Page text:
Battery-backed SRAM power is extremely important in fielded military applications such as a UAV, when it’s flying about 30-40,000 feet at -60 ˚C, then comes back down and lands in a very hot desert. Chemical batteries can see failure pretty quickly in a case like that. And when you’re dealing with encryption keys, failure is not something you want to happen lest the system go brain dead upon power failure.


VME: Do you have an off-the-shelf version in existence yet?


CABAUY: We’re finalizing the design components and assemblies for the EOL200Y20 series, which is the FPGA encryption key battery and the first COTS betavoltaic battery. We’re projecting a summer release.

And I’d like to point out that the betavoltaic battery is nothing new. This idea has been around since Paul Rappaport, one of the fathers of solar cells, did his groundbreaking solar cell development [in the 1950s].


VME: It sounds like these advancements have been a long time coming.


CABAUY: Yes. It took decades of research and work for people to figure out the most viable candidates for radioisotopes: tritium, promethium, and Nickel 63.


Promethium is interesting; only has a half-life of 2.6 years, and it’s very difficult to get these days. Promethium 147 requires a bit of metal to be able to shield out the radiation coming out of it.


On the other hand, nickel is expensive and the flux is very, very low, so the usable power that comes out of it is not as good. Of the three, tritium is the preferred choice to generate betas.


VME: Let’s talk about the coming COTS betavoltaic battery you mentioned earlier, the EOL200Y20 Series. “EOL” can have a negative connotation in the defense industry.


CABAUY: It actually does stand for “end-of-life,” yes, but what we’re basically saying is that at end-of-life, it will have 200 nanowatts at year 20. That’s why our NanoTritium betavoltaic battery is called “EOL200Y20.”


VME: What are the negatives of this technology? Does it outgas? Does it tend to be explosive?


CABAUY: I think the only negative is that it’s taken this long to commercialize a betavoltaic battery. As I mentioned, this idea came out in the 1950s and it seems like it’s only now at the point of usability, mostly because the FPGA and microelectronics industries have lowered their power requirements to start using long-term power like this.


VME: Which other applications do you foresee for betavoltaic batteries?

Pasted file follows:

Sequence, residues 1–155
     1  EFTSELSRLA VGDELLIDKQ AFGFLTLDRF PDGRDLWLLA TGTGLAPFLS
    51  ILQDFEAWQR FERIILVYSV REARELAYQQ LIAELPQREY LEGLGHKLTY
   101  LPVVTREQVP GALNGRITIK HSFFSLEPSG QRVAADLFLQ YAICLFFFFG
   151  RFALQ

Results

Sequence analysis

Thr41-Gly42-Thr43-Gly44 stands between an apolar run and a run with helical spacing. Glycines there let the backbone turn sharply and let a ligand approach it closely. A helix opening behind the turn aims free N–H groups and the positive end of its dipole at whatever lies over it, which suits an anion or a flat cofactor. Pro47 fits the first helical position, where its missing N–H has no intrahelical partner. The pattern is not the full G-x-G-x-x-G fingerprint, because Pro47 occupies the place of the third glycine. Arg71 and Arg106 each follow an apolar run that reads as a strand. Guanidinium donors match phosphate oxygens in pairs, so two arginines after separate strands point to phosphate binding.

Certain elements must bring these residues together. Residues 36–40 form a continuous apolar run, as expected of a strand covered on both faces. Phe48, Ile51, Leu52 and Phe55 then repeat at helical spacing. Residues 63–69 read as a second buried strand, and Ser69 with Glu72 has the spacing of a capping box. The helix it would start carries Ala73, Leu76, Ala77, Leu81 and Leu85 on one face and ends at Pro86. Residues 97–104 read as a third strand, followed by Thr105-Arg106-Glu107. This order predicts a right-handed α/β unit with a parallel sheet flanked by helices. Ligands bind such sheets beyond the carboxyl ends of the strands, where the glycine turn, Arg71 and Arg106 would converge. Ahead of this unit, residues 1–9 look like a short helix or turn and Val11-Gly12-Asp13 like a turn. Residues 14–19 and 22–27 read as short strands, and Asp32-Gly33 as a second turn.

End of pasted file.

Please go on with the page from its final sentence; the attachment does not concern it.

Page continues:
CABAUY: Within the defense industry, we see specifics with security supervisors, low-power microcontrollers like the MSP430 from Texas Instruments, or even ubiquitous computing. For instance, they’re usable for these very low-power microprocessors that can sleep on picowatts and operate at nanowatts.


Also, these batteries could power the University of Michigan’s Phoenix Processor, a very low-power device implanted transdermally to detect whether a tumor is regrowing. Or for a glaucoma patient, they put sensors and processors inside the eye. NanoTritium battery technology, which can be made as thin and small as a cubic millimeter, can be combined with a battery chip sensor that can then be implanted into all sorts of medical applications that no one’s even thought about.


VME: Any other possible applications before we move on?


CABAUY: There are also applications within Homeland Security, intelligence sensors, structural integrity sensors, sensor actuators, space satellite pro-power sources, and crystal oscillators, if they’re within 15 microwatts. Combine these batteries with a lithium thin-film battery, some type of lithium ion battery, or an ultracapacitor, and that can keep these batteries topped off for years until a usage need arises. So the battery’s self-discharge is eliminated and then it can be used like a reserve battery. Or it can be used in combination with duty-cycle and it can operate and provide a power burst every week, every day, for RF signals and so forth. The applications are unlimited.


VME: As we wrap up, is there anything else we should know about City Labs or tritium-based batteries?


CABAUY: Yes. Since the NanoTritium batteries are radioisotope powered, you can’t just go buy them at the corner market. Typically, their use requires radiation training and a radioactive license on behalf of the user or the individual purchasing them.


VME: What does this mean? That the user needs to be a nuclear engineer?


CABAUY: Normally, radioisotope products are classified under three general headings: specific license, general license, or exempt license. The smoke alarm you see in your home or office is an exempt license. The Exit sign you see at Home Depot or in a commercial aircraft is illuminated with tritium, also falling under a general license. And, medical tracers and the things the Department of Energy is using – those are under the specific license.


Very few products obtain the general license or exempt license status, because they have to be proven inherently safe through all sorts of testing processes. But City Labs recently achieved regulatory approval in the form of a general license issued by the Florida Department of Health - Bureau of Radiation Control; as an Agreement State, Florida’s general license mirrors the policies and guidelines established by the Nuclear Regulatory Commission. So now we can sell our NanoTritium batteries anywhere in the United States. You can just put the order in and receive it without any training, without any prior radiation license. There’s never been a general license classification for a battery before, so that says that we broke some ground in the industry. CS


Peter Cabauy cofounded City Labs, Inc. in 2005 and serves as CEO. Peter received his Ph.D. from the University of Michigan in Applied Physics and a BS from Florida International University. Contact him at This e-mail address is being protected from spambots. You need JavaScript enabled to view it .